Number of triangles in an undirected graph

How do we count the numbers of traingles (i.e., different triads of vertex $u,v,w$ such that edges $u-v,v-w,w-u \in E$ ) in a given graph $G$?

It is obvious that it can be done in $O(N^2)$: is there anything better?

• It's actually not so obvious that it can be done in $O(N^2)$. The obvious algorithm takes time $O(N^3)$. – Yuval Filmus Apr 22 '17 at 14:11

1 Answer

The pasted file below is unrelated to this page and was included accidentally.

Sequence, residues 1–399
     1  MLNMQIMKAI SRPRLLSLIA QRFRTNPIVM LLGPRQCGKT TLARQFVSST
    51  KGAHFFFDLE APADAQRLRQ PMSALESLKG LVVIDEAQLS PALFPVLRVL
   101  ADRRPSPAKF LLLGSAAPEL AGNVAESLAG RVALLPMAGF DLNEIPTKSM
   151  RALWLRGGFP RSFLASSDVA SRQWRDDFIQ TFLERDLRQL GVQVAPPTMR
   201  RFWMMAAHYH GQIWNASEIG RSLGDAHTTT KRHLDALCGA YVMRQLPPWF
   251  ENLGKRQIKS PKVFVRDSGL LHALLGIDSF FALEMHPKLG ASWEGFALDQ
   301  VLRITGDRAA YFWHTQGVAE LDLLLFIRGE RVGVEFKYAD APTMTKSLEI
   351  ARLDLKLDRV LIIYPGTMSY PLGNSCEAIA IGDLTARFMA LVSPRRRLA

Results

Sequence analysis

I'm assuming that the graph is given as an adjacency matrix. The trivial algorithm for counting triangles goes over all triples of vertices $u,v,w$ and checks whether $\{u,v,w\}$ is a triangle, for a total running time of $\Theta(N^3)$. This can be improved using matrix multiplication: if $A$ is the adjacency matrix, then the number of triangles can be extracted from $\operatorname{Tr} A^3$, taking into account the number of vertices and edges in the graph (details left to you). This takes time $O(n^\omega)$, where $\omega$ is the exponent of matrix multiplication.